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Preterm Birth: Causes, Consequences, and Prevention These studies have used birth weight rather than gestational age, which is a major limitation of this work. Differences in the rates of low birth weight according to race and ethnicity remain, with African-American mothers bearing a substantially higher risk than white mothers, even after individual and community-level factors are taken into account (Roberts, 1997). Some specific neighborhood-level characteristics that have been associated with birth weight and the risk of low birth weight include indicators of neighborhood economic deprivation and crime (Elo et al., 2001). Adverse neighborhood conditions have also been found to lessen the effects of protective factors, such as prenatal care (O’Campo et al., 1997). Recommendation II-2: Study multiple risk factors to facilitate the modeling of the complex interactions associated with preterm birth. Public and private funding agencies should promote and researchers should conduct investigations of multiple risk factors for preterm birth simultaneously rather than investigations of the individual risk factors in isolation. These studies will facilitate the modeling of these complex interactions and aid with the development and evaluation of more refined interventions tailored to specific risk profiles. Specifically, these studies should achieve the following: Develop strong theoretical models of the pathways from psychosocial factors, including stress, social support, and other resilience factors, to preterm delivery as a basis for ongoing observational research. These frameworks should include plausible biological mechanisms. Comprehensive studies should include psychosocial, behavioral, medical, and biological data. Incorporate understudied exposures, such as the characteristics of employment and work contexts, including work-related stress; the effects of domestic or personal violence during pregnancy; racism; and personal resources, such as optimism, mastery and control, and pregnancy intendedness. These studies should also investigate the potential interactions of these exposures with exposure to environmental toxicants. Emphasize culturally valid measures in studies of stress and preterm delivery to consider the unique forms of stress that individuals in different racial and ethnic groups experience. Measurement of stress should also include specific constructs such as anxiety. Expand the study of neighborhood-level effects on the risk of preterm birth by including novel data in multilevel models. Data that address this information should be made more available to researchers for such activities. Interagency agreements for the sharing of data should be reached to support the development of cartographic modeling of neighborhoods.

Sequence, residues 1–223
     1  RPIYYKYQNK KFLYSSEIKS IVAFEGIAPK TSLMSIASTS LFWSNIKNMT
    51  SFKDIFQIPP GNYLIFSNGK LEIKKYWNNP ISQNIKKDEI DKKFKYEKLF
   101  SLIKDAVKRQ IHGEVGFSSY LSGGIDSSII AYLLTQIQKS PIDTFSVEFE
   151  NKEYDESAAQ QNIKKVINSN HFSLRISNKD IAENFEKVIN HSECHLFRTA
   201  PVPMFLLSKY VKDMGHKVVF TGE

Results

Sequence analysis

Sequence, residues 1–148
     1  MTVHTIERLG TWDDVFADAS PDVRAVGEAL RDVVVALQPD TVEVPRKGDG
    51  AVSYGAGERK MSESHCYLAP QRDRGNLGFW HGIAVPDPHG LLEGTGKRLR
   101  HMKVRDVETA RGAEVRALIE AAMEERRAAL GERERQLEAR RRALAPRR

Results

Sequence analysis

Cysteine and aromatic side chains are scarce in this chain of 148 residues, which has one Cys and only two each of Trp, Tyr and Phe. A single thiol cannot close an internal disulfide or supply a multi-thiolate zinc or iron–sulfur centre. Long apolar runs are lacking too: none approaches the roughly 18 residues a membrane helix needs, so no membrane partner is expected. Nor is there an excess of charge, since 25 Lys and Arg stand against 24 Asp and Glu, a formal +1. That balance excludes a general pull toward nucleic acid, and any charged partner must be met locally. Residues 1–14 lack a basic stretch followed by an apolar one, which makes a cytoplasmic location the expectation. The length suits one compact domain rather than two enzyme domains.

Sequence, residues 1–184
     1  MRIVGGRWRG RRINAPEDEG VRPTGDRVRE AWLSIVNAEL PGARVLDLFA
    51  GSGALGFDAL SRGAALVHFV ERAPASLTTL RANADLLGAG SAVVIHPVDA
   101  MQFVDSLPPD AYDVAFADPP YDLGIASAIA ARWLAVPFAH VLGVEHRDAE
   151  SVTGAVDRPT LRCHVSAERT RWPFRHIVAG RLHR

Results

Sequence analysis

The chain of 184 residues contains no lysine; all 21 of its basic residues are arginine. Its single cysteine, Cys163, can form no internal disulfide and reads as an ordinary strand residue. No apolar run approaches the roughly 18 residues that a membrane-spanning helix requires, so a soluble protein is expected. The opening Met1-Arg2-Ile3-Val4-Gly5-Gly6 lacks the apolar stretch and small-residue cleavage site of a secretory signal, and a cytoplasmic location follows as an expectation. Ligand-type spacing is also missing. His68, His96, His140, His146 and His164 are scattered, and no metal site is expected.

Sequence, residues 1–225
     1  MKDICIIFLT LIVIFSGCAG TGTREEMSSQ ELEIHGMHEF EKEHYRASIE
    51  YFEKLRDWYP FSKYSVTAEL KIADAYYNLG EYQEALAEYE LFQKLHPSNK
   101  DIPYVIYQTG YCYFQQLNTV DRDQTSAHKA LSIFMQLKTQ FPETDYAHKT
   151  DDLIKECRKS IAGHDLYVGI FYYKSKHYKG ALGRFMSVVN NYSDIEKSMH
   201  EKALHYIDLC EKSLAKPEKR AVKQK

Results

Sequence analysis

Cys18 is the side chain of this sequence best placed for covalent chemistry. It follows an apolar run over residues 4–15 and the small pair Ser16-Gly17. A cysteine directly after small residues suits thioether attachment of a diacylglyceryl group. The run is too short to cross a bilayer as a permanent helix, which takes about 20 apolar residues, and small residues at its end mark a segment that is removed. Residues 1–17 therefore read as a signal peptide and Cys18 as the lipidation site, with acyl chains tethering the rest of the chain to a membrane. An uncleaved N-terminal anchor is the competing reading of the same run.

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Preterm Birth: Causes, Consequences, and Prevention Work toward the development of primary strategies for the prevention of preterm birth. When there is evidence of modest effects of multiple causes, interventions that address all of these factors should be considered. Have designs that are common enough to allow for pooling of data and samples, and consider studying high-risk populations to increase the power of the study. 3. Investigate Racial-Ethnic and Socioeconomic Disparities in the Rates of Preterm Birth As discussed above, preterm birth rates vary substantially by race and ethnicity. The greatest differences in the rates of preterm birth are between African-American and Asian women. Knowledge can be gained by obtaining an understanding of the differences between groups as well as differences among Asian subgroups. Preterm birth rates also vary by nativity and the duration of residence. In 2003, the preterm birth rate was 13.9 percent for foreign-born African Americans but 18.2 percent for U.S.-born African Americans (CDC, 2005i). It is not known, however, why foreign-born and U.S.-born women of the same racial descent have such disparate rates of preterm birth, given their supposedly common genetic ancestry. Even the duration of residence seems to have an effect on preterm birth rates. A study in California found that long-term Mexican immigrants who had lived in the United States for more than 5 years were more likely to deliver their infants preterm than newcomers who had lived in the United States for 5 years or less (Guendelman and English, 1995). A number of explanations have been studied, including differences in socioeconomic status (SES), maternal risk behaviors, prenatal care, maternal infection, maternal stress, and genetics. Findings related to SES suggest that the disparities in the rates of preterm birth between African American and white women persist after attempts to adjust for socioeconomic differences (Collins and David, 1997; McGrady et al., 1992; Schoendorf et al., 1992; Shiono et al., 1997). Disparities in preterm birth rates by SES have been well documented not only in the United States (Parker et al., 1994a) but also in other countries, such as Canada (Wilkins et al., 1991), Sweden (Koupilova et al., 1998), Finland (Olsen et al., 1995b), Scotland (Sanjose et al., 1991), and Spain (Rodriguez et al., 1995), where the levels of poverty are lower and where the population has universal access to high-quality prenatal and other medical care. Furthermore, socioeconomic disparities are associated with other factors, such as maternal nutrition (Hendler et al., 2005), maternal drug use (Kramer et al., 2000), maternal employment (Mozuekewich et al., 2000), prenatal care (CDC, 2005i), and maternal infection. Given the serious doubt about the effects of prenatal care on reduc-